Gary's blog for couples and parents plus resources for individuals, leaders and churches.

Wednesday, February 10, 2016

Five Discomforts Every Parent Needs To Embrace

There are lots of things parents endure that are certainly yucky or at least not much fun, right? We live with these irritations but would rather not have to face them: dirty diapers, kids with the flu, filthy clothes, messy rooms and food that lands on the floor, just to mention a few. You get the picture. These facets of parenting, though necessary, aren't exactly the most enjoyable parts of being a mom or dad.

But I want to suggest that there are at least five potential kid qualities that, while they too may make us cringe at times, should actually be welcomed. They will in most cases shine a beacon on wonderful, future possibilities that our children might never encounter without them. Don't push them aside.

The child who always has a better idea. Do you have a potential lawyer at home? You know, the one who you always had evidence and even witnesses to present as to why what they want to do, be or think is better than what you have in mind. These kids can be exhausting and of course at times need boundaries.

But these are also the kids who are going to be entrepreneurs, try new things and have the ability to think subjectively. They'll one day come up with better ideas for all of us and likely go a long way in the adult world.

The child who questions your most valued beliefs. This may also be the same child in the better idea group but here we add that they regularly question everything from your political perspective to your personal faith in God, the Bible or Heaven. And yes, you may spend much of their adolescent years debating and getting them to quit hating church or even go.  But trust me, they have the greatest potential to develop a deep, long-lasting, passionate faith, because they've dug deeply into truth. They don't just believe something because you as a mom or dad did. They make their belief system their own.

The child who doesn't like doing the things most others like. We live in a very activity-driven culture these days, with accomplishments, trophies, scholarships and other awards that are often agreed upon spoils for being successful.  And you're not popular if you don't participate. Add to that the fact that there are a limited number of acceptable arenas for that success - i.e. certain sports, certain music options and certain kinds of schools to enter - most parents would rather their child didn't deviate from that list.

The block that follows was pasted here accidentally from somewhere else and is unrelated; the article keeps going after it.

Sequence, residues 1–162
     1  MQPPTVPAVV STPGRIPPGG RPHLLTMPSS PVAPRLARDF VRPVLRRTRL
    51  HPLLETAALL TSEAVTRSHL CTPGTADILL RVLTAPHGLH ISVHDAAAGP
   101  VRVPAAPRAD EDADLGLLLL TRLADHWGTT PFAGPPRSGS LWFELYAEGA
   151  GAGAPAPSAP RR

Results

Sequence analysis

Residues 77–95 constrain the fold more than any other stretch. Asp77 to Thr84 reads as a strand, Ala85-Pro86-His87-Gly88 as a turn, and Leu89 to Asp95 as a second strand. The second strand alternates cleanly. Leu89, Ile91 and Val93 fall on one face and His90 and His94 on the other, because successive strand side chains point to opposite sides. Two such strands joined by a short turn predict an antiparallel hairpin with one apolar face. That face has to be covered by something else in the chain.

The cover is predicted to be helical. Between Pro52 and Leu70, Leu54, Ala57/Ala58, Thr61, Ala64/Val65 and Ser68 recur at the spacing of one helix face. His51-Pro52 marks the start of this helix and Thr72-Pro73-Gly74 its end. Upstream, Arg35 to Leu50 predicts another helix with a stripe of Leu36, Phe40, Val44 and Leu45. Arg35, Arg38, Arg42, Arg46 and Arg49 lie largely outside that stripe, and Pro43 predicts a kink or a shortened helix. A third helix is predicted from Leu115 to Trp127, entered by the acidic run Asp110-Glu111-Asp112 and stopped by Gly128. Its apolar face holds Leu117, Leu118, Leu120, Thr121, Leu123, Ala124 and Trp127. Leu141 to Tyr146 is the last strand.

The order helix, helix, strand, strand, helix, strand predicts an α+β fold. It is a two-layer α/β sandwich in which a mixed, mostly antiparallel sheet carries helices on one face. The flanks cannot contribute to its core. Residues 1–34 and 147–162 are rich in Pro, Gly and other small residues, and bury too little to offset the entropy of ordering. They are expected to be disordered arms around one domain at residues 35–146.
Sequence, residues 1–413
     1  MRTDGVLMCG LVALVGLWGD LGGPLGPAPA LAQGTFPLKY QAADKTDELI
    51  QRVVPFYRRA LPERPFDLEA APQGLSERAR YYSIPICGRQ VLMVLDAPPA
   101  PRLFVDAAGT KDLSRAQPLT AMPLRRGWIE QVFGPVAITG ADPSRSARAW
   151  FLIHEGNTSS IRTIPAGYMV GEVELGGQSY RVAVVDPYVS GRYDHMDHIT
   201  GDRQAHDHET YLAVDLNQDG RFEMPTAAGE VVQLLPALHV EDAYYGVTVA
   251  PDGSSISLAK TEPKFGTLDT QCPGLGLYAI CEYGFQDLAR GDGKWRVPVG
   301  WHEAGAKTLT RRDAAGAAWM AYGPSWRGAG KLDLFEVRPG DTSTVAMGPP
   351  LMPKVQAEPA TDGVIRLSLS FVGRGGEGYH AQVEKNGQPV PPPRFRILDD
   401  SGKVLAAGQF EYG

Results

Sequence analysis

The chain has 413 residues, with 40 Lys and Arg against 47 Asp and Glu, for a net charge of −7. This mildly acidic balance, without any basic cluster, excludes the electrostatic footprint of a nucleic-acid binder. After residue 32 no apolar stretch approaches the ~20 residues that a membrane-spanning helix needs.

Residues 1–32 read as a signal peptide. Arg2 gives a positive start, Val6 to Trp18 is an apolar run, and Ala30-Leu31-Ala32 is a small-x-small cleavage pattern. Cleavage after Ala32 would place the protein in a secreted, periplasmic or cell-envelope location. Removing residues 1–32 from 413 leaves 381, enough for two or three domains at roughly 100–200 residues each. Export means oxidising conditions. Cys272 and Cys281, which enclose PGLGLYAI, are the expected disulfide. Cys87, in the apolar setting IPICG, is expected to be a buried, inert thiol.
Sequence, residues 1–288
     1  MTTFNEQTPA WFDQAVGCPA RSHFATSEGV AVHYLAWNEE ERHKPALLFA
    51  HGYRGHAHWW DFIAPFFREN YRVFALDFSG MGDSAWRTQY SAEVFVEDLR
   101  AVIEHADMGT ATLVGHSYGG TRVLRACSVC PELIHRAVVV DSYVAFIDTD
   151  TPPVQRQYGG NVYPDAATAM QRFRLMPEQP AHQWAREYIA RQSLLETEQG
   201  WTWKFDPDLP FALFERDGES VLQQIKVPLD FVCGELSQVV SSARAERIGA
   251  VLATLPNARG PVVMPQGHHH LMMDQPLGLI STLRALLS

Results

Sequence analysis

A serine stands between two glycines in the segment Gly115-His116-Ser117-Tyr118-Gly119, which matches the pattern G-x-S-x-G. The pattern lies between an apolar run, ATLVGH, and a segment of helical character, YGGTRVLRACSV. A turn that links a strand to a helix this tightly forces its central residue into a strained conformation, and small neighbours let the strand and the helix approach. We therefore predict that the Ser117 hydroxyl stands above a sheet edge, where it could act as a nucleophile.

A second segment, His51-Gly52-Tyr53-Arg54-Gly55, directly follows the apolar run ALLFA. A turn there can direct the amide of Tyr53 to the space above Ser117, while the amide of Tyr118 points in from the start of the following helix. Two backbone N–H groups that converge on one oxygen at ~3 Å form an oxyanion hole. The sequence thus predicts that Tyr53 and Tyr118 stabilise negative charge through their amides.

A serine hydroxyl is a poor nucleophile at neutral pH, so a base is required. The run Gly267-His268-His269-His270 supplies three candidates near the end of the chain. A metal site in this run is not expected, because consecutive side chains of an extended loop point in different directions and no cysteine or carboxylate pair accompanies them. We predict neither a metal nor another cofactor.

But some of our kids do not gravitate to these common talents, skills and interests but take the road less traveled. They're into writing, specialized art, other cultures, history or acting and we need to  celebrate, encourage and listen to them. These are people in our churches who also need to be told they can do something in our gatherings and ministry that counts and is just as important as the more common talents. They add color and fabric to any group if we'll just let them.

The child whose temperament is different from the others. This uniqueness often fuels the others I've talked about but it's worth its own mention. One child will want to be with people all the time and rarely plays by himself or herself. Another, however, can stay busy and interested in lots of things while alone in a room for an hour or two. I have one of each extreme in my immediate and extended family. And at times I've honestly worried about both of them for different reasons.

But today one is a successful entrepreneur while the other is a tremendous graphic artist who's helped me on numerous occasions.

The special needs child who adds a little more challenge to each day. I've never parented a special needs child so I'm hardly an expert. But I've rarely talked to a special needs parent who doesn't regularly get blessed because of their child's extra insight, perspective and focus on what's important. Yes, they are often more work, at least for a long while. But that little bit of discomfort always brings greater joy that would not probably be experienced in the same way without them there.

So, mom and dad. If you're feeling a little overwhelmed about having a child or two or three that doesn't exactly fit some sort of mold you were expecting, consider yourself blessed. You may not see all the positive outcomes today, but the best is yet to come. Wait for it.

Gary Sinclair Writer | Speaker | Leader

Gary is currently a consultant, teacher, speaker and chaplain providing resources for families, leaders and churches.

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